Helping your children identify and express their feelings doesn’t have to be difficult or scary. You can easily help your children express their feelings during crucial conversations you have with them as they experience the difficulties of life.
Life is hard for adults, can you only imagine what must be going through your children’s minds as they try to process everything going on around them?
As parents, we do our best to raise our children in a happy home where they feel love and security.
Outside of the home is another story entirely.
Our children hear of the local, national, and international news, there are deaths in the family, and feeling accepted by their friends at school might be a struggle for them.
So how can you help your children express their feelings in crucial conversations when they might not even know how they’re feeling?
5 Ways To Help Children Express Their Feelings In A Crucial Conversation
1. Ask The Right Questions At The Right Time
When I ask my five-year-old daughter, “how’s your day?” I’m 99% likely going to get the answer of either “fine” or “good.”
If your child can give you a one-worded answer, they will (it’s the same with adults, right?).
The key is asking the right questions at the right time.
For example, when our family moved across the United States (over 1,500 miles) our daughter had a really difficult time leaving behind certain friends.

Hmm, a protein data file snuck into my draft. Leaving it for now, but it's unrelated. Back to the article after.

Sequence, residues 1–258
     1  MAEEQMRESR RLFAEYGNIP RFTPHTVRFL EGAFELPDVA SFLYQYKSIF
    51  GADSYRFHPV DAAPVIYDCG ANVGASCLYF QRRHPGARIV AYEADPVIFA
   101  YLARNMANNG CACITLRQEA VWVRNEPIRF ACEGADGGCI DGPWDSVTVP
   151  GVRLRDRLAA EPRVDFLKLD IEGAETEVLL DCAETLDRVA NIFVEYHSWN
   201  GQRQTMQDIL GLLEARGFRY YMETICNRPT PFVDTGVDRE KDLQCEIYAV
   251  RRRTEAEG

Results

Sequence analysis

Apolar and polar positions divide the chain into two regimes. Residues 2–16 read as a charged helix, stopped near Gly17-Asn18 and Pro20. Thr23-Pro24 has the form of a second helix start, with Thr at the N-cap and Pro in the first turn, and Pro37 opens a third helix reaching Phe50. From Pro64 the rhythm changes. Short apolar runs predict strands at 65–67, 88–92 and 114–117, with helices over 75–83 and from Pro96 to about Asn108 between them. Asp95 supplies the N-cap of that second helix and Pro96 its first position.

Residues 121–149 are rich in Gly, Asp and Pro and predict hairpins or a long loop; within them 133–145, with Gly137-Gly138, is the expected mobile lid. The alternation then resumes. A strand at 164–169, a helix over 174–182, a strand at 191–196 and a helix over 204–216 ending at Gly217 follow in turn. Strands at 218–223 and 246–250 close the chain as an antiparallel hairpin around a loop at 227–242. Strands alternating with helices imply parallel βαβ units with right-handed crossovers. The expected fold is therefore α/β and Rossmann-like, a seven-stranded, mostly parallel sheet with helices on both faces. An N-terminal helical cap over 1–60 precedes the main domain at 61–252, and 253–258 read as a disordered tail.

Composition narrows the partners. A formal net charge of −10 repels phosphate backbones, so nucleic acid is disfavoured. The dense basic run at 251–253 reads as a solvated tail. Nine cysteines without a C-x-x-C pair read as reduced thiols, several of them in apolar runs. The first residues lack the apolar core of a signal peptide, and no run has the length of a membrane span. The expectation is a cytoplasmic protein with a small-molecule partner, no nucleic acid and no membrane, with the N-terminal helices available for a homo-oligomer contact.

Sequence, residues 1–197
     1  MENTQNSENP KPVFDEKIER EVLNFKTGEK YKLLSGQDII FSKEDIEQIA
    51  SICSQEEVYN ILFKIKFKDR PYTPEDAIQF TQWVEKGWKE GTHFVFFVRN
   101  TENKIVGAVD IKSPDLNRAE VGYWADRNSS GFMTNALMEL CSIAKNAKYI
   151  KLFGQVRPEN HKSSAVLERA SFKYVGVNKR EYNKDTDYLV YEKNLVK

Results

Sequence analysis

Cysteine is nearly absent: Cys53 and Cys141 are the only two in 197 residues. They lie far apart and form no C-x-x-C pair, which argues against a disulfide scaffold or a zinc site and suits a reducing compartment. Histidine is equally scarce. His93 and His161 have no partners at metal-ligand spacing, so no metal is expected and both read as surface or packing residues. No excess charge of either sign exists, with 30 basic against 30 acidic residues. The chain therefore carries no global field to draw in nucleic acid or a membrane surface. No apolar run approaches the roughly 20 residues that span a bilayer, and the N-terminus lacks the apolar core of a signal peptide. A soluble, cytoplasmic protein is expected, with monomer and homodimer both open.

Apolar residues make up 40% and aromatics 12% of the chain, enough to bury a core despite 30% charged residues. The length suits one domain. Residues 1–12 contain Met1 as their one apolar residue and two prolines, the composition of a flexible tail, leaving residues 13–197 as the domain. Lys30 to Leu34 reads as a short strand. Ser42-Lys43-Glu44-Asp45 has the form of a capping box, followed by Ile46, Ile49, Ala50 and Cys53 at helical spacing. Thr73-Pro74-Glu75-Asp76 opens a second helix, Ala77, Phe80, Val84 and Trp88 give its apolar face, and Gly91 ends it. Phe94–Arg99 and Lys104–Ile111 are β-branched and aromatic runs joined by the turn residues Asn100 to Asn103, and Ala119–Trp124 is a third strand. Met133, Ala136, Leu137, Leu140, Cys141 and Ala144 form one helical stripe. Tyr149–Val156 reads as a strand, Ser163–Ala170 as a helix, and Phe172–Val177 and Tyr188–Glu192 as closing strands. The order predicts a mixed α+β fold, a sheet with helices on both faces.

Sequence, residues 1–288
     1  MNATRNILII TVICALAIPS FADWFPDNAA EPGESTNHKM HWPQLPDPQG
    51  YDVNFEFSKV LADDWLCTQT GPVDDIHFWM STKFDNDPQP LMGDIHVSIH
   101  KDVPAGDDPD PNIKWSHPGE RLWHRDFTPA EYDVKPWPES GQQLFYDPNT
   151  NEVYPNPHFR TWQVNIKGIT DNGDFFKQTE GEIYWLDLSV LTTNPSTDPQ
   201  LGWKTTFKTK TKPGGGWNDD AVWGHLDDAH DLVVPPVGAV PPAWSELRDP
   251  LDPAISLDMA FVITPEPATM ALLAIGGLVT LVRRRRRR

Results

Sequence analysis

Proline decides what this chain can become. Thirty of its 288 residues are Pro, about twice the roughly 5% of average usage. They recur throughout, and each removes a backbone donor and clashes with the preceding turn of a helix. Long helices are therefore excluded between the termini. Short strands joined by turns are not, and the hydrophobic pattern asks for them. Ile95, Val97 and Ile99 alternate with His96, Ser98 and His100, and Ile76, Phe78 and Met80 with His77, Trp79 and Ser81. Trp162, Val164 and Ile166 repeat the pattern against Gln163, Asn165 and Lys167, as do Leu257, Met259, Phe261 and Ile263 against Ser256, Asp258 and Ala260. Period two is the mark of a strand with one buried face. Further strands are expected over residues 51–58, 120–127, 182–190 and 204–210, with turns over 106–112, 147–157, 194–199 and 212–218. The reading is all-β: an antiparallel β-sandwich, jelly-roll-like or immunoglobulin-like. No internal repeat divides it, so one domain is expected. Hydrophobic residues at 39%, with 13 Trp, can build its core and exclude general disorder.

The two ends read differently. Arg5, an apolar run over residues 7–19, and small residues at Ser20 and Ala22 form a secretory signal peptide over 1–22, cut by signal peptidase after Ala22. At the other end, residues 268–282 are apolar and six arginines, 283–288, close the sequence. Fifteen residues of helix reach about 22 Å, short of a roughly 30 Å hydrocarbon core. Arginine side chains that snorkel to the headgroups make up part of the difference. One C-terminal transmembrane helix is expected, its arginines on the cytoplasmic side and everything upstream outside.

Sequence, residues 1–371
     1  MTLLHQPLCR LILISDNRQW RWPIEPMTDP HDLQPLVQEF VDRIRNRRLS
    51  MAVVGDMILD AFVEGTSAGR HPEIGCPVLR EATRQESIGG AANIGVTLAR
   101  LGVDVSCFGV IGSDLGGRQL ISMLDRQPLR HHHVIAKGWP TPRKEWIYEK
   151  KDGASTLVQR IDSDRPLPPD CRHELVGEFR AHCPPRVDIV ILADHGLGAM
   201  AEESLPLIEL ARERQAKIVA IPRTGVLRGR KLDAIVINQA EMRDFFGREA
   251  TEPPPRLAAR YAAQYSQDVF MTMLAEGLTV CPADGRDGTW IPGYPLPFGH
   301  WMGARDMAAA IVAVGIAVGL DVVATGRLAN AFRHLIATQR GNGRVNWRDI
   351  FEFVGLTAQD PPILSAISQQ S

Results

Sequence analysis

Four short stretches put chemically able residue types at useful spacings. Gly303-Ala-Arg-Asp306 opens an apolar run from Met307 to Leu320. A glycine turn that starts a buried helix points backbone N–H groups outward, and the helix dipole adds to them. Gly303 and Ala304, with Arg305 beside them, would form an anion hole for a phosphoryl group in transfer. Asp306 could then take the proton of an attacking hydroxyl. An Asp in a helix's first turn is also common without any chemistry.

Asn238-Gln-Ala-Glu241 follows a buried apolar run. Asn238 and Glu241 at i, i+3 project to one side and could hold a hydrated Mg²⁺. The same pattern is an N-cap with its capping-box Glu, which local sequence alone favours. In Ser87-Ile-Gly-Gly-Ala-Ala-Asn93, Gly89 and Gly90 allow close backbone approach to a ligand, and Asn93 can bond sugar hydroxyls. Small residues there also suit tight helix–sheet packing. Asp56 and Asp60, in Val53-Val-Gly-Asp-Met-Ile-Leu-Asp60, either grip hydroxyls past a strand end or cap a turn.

My husband and I sat down with her, turned off our distractions (including cell phones), and asked her the question, “how are you really feeling about our family moving?”
From her answer to this question, the questions we asked next helped enhance and deepen the current conversation.
With your children, you want to give them time to talk. Don’t be in any hurry to get through your list of questions, or feel uncomfortable not knowing what to ask.
Crucial conversations don’t happen just once. They’re a process over time of multiple conversations.
Some possible questions to ask can include:
- How does (insert the event, such as “losing Grandma Dennis” or “Susan treating you this way”), make you really feel?
- Do you feel like this will last forever? What is causing you to feel this way?
- Do you know I’m here for you?
2. It’s Okay To Have Silence
Some people feel uncomfortable with silence, but silence is actually a good thing.
We don’t understand what’s going through our children’s minds, what they’re trying to process, or how they’re trying to form their words to express to us how they’re feeling.
When silence comes, don’t run from it or try to start talking, but instead embrace the silence that is happening and allow your child this time to think.
3. Don’t Fill In The Blank For Your Child
We always want to come to the rescue for our children. There are times in this crazy world when I want to hold them a little closer and tell them everything’s going to be okay, even when I have no idea what tomorrow will bring.
When you ask your child a question, and they’re taking time to think about what you’re asking, don’t be in a hurry to provide your child with the answer you might think they’re going to say.